Show Your Fearless Power
Fearless. That was the word that multiple people used to describe her. As an American in China, she was often seen as an easy mark for taxi drivers and street vendors. It was assumed that she was a tourist and did not understand what things should cost. They thought she was clueless.
She wasn’t. She was fearless.
At night in Shanghai, taxi drivers turn off their meters and charge whatever they can get, often times overcharging those who don’t know to ask for less. Our group was picked up quickly by cars who assumed we would jump in and pay whatever we were told to pay. I watched as their faces dropped when they learned that this woman was quite fluent in Mandarin. Over the course of the weekend, we got thrown out of multiple cabs.
Later, in a market, I listened as she negotiated a purchase for me. Three silk shirts for $50. The conversation/argument lasted several minutes and afterward the vendor grabbed my arm and complimented me on this woman. Why me? Well...
There is something I’m not telling you: The woman in question is my 21-year-old daughter, Madeline Priscilla Farquharson.
Where Madi found this strength is beyond me. Perhaps it was just that she needed it in order to survive in the world. After all, she’s been on 6 continents and in 35+ countries to date. But I couldn’t help thinking about the power that comes to the fearless. She has always been confident. I mean, from the moment she was born it was clear she was in control. But being fearless is a whole other level.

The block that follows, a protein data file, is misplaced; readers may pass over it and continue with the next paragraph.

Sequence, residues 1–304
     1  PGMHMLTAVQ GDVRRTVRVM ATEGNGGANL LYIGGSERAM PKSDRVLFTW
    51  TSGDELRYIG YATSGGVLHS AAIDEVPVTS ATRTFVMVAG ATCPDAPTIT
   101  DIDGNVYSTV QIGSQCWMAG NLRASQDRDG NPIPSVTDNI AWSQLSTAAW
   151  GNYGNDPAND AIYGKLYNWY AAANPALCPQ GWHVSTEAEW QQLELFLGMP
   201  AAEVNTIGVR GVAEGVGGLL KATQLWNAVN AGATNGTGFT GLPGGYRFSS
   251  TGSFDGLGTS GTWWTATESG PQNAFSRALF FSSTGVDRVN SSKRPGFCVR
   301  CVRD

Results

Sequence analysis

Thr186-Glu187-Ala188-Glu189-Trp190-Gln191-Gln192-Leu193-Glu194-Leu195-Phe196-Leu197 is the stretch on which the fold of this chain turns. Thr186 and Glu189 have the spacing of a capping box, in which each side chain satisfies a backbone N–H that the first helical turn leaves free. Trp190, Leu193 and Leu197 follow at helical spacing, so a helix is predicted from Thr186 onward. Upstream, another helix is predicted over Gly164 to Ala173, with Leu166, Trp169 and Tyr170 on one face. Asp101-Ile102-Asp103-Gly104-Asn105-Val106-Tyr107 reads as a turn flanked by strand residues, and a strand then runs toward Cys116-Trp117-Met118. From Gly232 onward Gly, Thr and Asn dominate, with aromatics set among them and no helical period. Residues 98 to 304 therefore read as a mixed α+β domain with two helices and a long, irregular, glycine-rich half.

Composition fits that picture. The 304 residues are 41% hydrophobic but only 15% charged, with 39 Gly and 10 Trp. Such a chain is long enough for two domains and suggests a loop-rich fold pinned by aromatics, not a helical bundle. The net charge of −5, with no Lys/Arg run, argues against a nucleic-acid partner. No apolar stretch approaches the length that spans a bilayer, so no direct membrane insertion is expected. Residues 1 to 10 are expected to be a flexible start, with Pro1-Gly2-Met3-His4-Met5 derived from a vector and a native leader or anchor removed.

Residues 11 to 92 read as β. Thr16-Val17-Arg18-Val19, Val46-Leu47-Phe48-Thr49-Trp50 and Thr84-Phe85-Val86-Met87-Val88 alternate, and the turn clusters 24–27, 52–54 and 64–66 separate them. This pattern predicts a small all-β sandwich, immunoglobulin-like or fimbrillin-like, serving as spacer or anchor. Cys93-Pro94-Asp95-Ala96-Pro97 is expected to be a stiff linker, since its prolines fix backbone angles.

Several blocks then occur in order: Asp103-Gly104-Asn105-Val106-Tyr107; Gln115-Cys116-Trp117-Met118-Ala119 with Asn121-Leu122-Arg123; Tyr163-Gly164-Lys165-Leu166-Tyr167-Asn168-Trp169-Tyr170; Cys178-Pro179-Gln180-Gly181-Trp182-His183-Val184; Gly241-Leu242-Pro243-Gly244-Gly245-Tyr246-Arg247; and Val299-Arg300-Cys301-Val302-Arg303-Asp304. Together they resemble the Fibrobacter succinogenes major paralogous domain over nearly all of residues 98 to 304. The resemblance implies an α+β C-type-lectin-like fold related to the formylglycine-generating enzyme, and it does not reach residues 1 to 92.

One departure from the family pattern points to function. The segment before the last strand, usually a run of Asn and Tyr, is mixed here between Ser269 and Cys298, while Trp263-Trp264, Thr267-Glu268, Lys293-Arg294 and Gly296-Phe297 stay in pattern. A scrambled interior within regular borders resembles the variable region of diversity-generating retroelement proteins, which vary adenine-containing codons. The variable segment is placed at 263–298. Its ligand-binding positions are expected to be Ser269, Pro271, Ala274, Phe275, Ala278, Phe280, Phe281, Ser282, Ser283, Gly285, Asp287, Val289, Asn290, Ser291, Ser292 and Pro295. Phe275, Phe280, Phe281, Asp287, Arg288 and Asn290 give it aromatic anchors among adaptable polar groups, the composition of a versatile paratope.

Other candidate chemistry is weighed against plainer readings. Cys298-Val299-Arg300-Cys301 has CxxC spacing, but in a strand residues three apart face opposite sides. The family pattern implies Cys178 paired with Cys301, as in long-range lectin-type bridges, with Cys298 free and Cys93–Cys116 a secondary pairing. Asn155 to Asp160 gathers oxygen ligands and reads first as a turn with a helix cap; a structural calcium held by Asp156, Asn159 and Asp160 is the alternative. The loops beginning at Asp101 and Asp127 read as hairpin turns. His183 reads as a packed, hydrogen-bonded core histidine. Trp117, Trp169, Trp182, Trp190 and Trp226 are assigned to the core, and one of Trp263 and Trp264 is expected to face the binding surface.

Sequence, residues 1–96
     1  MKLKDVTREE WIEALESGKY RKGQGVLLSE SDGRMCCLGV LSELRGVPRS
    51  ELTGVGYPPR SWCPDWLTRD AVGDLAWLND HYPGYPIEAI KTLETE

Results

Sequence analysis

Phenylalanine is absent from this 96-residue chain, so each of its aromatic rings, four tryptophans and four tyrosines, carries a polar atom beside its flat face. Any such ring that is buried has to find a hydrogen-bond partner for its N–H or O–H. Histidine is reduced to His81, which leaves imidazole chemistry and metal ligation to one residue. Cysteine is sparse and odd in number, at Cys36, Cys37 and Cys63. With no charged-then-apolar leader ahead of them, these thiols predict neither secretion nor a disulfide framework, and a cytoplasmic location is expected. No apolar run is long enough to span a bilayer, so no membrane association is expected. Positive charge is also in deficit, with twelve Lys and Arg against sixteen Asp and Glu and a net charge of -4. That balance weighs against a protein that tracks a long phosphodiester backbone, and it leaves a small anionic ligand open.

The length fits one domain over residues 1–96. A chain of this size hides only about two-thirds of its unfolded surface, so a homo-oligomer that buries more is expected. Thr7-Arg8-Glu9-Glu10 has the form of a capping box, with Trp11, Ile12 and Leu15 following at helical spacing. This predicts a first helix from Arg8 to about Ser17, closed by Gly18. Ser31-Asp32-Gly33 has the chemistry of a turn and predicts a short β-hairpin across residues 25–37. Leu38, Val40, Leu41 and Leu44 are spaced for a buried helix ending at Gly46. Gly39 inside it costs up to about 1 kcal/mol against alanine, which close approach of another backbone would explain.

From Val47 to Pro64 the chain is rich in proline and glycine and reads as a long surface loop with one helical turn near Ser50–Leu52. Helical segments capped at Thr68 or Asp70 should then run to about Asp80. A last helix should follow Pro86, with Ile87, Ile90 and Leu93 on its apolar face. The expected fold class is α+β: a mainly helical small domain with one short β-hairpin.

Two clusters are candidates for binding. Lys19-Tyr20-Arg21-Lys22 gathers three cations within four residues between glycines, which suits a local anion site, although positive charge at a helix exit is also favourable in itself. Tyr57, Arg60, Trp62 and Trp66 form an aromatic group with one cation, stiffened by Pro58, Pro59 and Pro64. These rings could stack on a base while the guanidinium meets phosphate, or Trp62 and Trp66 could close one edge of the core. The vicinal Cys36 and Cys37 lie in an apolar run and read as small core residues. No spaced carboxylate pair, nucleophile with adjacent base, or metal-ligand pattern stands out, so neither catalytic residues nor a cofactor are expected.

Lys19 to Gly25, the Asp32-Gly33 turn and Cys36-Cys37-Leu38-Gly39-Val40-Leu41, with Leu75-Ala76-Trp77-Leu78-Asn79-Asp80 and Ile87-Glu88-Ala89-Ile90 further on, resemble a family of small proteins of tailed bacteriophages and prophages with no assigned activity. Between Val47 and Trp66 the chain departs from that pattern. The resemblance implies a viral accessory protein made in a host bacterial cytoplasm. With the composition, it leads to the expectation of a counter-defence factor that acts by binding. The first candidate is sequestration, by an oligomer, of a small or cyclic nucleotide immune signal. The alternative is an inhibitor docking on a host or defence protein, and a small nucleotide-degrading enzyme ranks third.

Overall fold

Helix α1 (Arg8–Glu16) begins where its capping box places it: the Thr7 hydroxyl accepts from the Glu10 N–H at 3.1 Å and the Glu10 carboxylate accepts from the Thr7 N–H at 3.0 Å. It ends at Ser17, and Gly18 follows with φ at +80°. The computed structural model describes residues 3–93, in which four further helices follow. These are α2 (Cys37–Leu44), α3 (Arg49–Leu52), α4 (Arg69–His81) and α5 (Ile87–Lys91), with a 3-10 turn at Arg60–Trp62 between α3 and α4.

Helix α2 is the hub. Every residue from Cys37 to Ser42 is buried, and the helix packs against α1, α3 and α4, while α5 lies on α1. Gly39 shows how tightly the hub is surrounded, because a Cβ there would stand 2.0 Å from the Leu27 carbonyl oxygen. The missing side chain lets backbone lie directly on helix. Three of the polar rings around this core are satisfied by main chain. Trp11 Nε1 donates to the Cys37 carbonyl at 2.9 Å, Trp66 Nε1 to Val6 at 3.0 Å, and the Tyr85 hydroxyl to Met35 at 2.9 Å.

I bring this up not just to boast ... okay, maybe a little ... but as a reminder that you won’t get anything unless you ask for it. Whether you are negotiating a taxi rate, silk shirt, or an order, you need to demonstrate a level of assertiveness that is likely higher than where you reside at the present moment.
Don’t be afraid to hold your ground. Don’t be afraid to ask for your price. Don’t be afraid of anything. Be fearless. Role-play until you gain the confidence you need. Get into an argument, be embarrassed, feel the pain, undergo the worst case scenario so that when you are in an actual situation with the client, you will know what to do and you will know that you can handle any outcome.
At the end of this month, Madeline will return to Pudong to start her new job, having graduated from NYU Shanghai (Cum Laude, thankyouverymuch). Any fear I have regarding a daughter on the other side of the world is directed towards the people who make the assumption that she does not understand local culture. Lookout, China.
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Bill Farquharson can be reached at (781) 934-7036 or email@example.com